Friday, September 4, 2015

Baling Sorghum-sudangrass Hay

Looking east across a field of sorghum-sudangrass
There's nothing really exciting about baling some sorghum-sudangrass hay, but for some reason it seems like there are a lot of visits to the blog looking at the sorghum-sudangrass stuff, so for what its worth I thought I'd write about the sorghum-sudangrass I grew this summer. 

I planted about 36 acres of sorghum-sudangrass back on June 24, but instead of grazing it after it winter-killed like I did last year, I decided to bale it this summer.  One of the main reasons for baling hay instead of grazing it this winter is that I'm planning on planting grain sorghum next spring and I don't want to take the risk of ending up with a bunch of volunteer sorghum-sudnagrass in my grain sorghum field like I had this year.  Depending on how much rain we get, the sorghum-sudangrass should easily regrow to about 18-24 inches tall in the next few weeks or so, then I'll graze it off with the cattle and plant some wheat as a cover crop (at a much lower rate than I'd normally plant).  I'm thinking about planting a simple mix of wheat and turnips to feed the worms, cattle, and deer, but I don't know if that will happen until it happens.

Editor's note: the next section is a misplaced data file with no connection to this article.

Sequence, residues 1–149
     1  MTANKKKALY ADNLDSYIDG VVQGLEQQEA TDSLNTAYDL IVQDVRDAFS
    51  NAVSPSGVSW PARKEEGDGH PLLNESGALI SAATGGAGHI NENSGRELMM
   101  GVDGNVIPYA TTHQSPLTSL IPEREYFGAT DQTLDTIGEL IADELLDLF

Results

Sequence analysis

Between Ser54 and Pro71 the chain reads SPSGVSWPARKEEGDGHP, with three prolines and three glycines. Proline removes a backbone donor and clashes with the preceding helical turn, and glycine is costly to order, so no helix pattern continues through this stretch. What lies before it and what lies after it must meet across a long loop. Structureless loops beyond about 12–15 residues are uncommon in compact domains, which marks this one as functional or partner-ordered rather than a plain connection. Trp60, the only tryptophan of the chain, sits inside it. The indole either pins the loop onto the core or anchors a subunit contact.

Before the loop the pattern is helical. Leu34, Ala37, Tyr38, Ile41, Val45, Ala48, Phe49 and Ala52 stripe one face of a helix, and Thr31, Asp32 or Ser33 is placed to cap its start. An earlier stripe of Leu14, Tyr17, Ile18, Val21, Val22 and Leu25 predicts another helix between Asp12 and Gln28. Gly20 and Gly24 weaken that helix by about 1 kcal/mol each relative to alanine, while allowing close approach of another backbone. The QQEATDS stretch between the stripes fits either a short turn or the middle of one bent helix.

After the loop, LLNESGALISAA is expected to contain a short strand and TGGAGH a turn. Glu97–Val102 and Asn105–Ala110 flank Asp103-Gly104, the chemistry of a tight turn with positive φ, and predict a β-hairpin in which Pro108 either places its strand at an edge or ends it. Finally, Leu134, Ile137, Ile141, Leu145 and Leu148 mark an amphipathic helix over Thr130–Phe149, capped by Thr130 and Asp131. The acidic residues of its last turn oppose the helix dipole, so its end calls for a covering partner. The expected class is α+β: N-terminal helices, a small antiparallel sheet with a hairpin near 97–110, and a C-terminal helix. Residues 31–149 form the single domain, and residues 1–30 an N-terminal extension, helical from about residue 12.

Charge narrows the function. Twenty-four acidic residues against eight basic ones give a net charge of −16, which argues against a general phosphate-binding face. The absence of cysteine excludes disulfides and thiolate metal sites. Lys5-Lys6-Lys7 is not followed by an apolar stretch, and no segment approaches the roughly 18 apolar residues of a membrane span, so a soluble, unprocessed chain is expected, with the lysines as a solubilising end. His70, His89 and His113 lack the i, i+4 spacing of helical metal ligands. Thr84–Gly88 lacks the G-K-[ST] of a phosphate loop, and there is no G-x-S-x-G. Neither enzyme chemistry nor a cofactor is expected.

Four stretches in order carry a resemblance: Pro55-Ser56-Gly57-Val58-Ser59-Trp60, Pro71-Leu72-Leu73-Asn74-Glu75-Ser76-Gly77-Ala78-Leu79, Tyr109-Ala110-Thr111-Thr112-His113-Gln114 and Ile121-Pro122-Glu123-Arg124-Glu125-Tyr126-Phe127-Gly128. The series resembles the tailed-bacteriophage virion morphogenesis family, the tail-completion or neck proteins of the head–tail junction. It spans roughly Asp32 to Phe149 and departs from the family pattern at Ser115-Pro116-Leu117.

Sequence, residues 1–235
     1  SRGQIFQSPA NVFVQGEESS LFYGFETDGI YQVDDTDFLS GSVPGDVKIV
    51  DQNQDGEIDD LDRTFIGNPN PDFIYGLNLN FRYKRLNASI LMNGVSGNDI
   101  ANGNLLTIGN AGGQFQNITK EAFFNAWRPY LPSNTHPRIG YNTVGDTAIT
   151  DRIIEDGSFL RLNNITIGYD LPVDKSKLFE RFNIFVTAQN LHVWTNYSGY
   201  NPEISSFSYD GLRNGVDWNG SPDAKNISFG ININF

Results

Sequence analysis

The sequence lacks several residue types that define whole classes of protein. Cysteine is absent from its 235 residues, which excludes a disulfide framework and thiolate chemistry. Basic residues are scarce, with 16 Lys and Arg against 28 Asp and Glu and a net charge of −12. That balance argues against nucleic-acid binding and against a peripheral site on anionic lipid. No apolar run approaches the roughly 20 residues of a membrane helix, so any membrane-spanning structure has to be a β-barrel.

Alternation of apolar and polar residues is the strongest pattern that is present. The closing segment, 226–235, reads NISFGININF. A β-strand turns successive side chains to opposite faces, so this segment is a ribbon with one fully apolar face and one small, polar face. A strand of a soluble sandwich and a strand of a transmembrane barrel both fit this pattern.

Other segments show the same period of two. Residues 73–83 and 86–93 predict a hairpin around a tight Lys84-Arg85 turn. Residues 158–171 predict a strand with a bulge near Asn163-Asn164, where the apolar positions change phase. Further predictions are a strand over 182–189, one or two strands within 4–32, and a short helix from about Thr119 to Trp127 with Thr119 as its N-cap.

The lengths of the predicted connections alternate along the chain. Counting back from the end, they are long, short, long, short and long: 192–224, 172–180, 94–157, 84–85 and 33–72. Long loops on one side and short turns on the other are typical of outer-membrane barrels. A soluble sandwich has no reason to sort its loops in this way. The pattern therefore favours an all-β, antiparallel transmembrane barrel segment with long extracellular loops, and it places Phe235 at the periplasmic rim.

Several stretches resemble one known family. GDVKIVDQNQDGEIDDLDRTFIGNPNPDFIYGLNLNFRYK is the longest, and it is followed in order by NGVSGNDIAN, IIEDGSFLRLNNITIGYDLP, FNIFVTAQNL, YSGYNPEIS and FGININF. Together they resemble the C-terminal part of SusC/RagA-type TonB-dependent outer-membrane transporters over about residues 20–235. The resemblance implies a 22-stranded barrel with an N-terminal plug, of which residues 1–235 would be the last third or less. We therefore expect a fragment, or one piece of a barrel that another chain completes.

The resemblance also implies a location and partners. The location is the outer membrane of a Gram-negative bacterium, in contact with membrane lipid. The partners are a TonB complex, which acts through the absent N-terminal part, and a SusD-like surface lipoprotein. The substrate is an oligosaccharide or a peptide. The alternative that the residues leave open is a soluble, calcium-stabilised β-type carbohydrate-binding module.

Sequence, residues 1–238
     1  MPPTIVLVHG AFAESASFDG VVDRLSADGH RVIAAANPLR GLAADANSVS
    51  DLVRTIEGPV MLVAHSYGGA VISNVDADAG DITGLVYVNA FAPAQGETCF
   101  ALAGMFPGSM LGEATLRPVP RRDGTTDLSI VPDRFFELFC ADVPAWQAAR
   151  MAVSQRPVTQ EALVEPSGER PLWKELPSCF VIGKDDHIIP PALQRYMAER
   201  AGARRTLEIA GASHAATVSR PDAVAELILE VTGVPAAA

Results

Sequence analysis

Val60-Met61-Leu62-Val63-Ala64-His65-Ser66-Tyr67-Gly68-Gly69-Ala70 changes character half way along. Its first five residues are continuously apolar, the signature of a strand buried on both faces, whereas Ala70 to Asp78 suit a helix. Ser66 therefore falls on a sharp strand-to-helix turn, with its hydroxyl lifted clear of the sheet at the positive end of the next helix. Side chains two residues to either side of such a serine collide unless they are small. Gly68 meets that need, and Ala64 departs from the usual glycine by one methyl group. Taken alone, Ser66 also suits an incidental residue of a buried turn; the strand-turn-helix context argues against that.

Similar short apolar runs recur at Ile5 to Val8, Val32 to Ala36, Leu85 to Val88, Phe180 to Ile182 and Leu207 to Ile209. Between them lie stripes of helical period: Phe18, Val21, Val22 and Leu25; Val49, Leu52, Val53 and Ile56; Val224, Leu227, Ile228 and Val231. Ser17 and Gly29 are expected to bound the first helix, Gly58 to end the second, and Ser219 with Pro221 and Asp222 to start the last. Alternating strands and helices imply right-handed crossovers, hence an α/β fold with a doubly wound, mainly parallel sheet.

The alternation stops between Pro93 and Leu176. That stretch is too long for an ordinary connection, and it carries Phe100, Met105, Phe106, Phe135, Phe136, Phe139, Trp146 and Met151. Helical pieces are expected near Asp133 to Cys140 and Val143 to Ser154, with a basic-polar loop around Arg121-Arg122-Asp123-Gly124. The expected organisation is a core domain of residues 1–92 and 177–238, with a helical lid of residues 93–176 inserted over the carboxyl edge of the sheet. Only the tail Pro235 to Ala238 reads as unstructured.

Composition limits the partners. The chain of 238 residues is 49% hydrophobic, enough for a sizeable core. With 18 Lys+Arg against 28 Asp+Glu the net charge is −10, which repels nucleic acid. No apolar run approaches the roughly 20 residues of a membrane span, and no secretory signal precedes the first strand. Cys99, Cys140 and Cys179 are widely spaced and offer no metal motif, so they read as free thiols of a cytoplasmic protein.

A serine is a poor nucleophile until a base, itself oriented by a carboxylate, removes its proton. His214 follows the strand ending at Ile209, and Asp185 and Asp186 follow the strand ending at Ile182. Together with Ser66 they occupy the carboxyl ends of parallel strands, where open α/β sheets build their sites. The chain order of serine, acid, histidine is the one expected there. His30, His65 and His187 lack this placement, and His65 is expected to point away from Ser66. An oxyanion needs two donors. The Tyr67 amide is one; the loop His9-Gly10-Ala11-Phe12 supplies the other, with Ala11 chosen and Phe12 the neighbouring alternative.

This summer, I planted a photoperiod-sensitive type of sorghum-sudangrass which means it won't start heading until the days get shorter than 12.5 hours in length. Because of that trait, it is supposed to make a higher quality hay because the maturity is delayed until sometime in September, which means it produces more leaves for a longer period of time instead of producing a head and getting more stemmy.  All of that also means that the seed costs more, and at this point, I'm a little undecided about if it grew any differently than "ordinary" sorghum-sudangrass would have grown and if the extra seed cost was worth it, although I'm leaning awful hard in the direction that ordinary, cheaper sorghum-sudangrass would work just as well for the way I grow and manage it.